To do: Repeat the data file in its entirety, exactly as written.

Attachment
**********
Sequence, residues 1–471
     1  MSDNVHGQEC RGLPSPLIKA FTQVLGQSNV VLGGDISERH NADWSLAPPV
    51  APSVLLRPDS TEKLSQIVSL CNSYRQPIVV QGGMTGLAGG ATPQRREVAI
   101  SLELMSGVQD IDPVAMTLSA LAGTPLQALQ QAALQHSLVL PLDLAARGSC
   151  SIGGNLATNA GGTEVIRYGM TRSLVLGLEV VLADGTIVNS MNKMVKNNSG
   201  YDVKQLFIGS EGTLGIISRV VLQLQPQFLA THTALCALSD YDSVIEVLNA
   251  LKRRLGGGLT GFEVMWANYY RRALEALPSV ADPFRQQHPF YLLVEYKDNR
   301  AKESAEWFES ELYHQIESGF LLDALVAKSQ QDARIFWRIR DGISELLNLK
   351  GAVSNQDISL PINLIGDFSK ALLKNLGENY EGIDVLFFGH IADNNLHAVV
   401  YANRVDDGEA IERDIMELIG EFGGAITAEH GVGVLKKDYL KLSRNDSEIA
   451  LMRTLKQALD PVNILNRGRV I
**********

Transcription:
Sequence, residues 1–471
     1  MSDNVHGQEC RGLPSPLIKA FTQVLGQSNV VLGGDISERH NADWSLAPPV
    51  APSVLLRPDS TEKLSQIVSL CNSYRQPIVV QGGMTGLAGG ATPQRREVAI
   101  SLELMSGVQD IDPVAMTLSA LAGTPLQALQ QAALQHSLVL PLDLAARGSC
   151  SIGGNLATNA GGTEVIRYGM TRSLVLGLEV VLADGTIVNS MNKMVKNNSG
   201  YDVKQLFIGS EGTLGIISRV VLQLQPQFLA THTALCALSD YDSVIEVLNA
   251  LKRRLGGGLT GFEVMWANYY RRALEALPSV ADPFRQQHPF YLLVEYKDNR
   301  AKESAEWFES ELYHQIESGF LLDALVAKSQ QDARIFWRIR DGISELLNLK
   351  GAVSNQDISL PINLIGDFSK ALLKNLGENY EGIDVLFFGH IADNNLHAVV
   401  YANRVDDGEA IERDIMELIG EFGGAITAEH GVGVLKKDYL KLSRNDSEIA
   451  LMRTLKQALD PVNILNRGRV I